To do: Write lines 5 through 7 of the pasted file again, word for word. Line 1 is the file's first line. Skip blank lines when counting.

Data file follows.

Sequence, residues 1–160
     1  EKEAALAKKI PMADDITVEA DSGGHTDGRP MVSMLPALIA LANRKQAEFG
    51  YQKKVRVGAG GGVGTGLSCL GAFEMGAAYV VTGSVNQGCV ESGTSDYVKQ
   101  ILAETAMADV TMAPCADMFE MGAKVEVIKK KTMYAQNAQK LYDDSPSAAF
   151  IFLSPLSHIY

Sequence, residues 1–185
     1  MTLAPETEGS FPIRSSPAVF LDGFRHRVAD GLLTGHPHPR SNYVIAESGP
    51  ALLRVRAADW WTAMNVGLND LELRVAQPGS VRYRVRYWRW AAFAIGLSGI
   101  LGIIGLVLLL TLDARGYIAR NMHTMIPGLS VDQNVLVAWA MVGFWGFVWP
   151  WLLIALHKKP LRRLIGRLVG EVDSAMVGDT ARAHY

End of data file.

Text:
   151  IFLSPLSHIY

Sequence, residues 1–185
     1  MTLAPETEGS FPIRSSPAVF LDGFRHRVAD GLLTGHPHPR SNYVIAESGP